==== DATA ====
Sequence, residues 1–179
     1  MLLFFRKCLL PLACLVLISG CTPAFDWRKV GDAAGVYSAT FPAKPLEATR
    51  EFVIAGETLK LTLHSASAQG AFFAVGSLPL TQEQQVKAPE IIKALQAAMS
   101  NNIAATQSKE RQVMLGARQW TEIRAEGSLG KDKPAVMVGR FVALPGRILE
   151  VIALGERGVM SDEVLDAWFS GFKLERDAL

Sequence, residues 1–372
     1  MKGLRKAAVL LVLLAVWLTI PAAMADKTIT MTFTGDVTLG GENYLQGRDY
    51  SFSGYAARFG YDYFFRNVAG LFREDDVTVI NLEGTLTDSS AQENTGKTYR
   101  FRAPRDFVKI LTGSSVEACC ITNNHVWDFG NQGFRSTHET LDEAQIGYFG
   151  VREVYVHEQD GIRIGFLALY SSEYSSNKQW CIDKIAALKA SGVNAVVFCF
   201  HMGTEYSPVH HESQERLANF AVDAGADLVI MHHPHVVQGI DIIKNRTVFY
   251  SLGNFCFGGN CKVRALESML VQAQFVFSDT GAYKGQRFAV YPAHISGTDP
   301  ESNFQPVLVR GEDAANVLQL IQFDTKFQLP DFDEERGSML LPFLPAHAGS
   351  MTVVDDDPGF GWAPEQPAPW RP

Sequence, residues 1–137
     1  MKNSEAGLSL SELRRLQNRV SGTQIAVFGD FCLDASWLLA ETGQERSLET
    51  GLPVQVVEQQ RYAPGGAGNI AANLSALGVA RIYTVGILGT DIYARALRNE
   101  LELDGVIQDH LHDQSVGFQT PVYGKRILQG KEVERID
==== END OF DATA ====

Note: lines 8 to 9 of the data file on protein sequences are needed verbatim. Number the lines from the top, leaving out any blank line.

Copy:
    51  SFSGYAARFG YDYFFRNVAG LFREDDVTVI NLEGTLTDSS AQENTGKTYR
   101  FRAPRDFVKI LTGSSVEACC ITNNHVWDFG NQGFRSTHET LDEAQIGYFG